plow

noun
\ ˈplau̇ How to pronounce plow (audio) \

Definition of plow

 (Entry 1 of 2)

1 : an implement used to cut, lift, and turn over soil especially in preparing a seedbed
2 : any of various devices (such as a snowplow) operating like a plow

plow

verb
plowed; plowing; plows

Definition of plow (Entry 2 of 2)

transitive verb

1a : to turn, break up, or work with a plow
b : to make (something, such as a furrow) with a plow
2 : to cut into, open, or make furrows or ridges in with or as if with a plow
3 : to cleave the surface of or move through (water) whales plowing the ocean
4 : to clear away snow from with a snowplow plow the street
5 : to spend or invest (money) in substantial amounts used with into plow money into stocks

intransitive verb

1a : to use a plow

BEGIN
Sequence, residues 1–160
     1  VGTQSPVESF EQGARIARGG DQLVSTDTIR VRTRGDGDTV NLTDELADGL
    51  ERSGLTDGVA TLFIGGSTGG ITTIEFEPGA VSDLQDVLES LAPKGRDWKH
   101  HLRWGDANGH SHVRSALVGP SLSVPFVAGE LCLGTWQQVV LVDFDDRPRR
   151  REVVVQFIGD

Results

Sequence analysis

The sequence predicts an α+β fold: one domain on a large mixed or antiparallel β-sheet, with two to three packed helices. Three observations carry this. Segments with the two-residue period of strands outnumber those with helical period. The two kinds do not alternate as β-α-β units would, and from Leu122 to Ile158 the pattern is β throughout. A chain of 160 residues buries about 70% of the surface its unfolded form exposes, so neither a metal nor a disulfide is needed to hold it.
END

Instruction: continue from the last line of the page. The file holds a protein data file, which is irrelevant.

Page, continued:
b : to undergo plowing
2a : to move forcefully into or through something the car plowed into a fence
b : to proceed steadily and laboriously had to plow through a stack of letters

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Other Words from plow

Verb

plowable \ ˈplau̇-​ə-​bəl How to pronounce plow (audio) \ adjective
plower \ ˈplau̇(-​ə)r How to pronounce plow (audio) \ noun

Synonyms for plow

Synonyms: Verb

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Examples of plow in a Sentence

Verb The soil was freshly plowed. They used oxen to plow the field. My street hasn't been plowed yet. We hired someone to plow the snow from our driveway. The town won't start plowing until the storm is almost over. a ship plowing the ocean They continued to plow their way through the tall grass.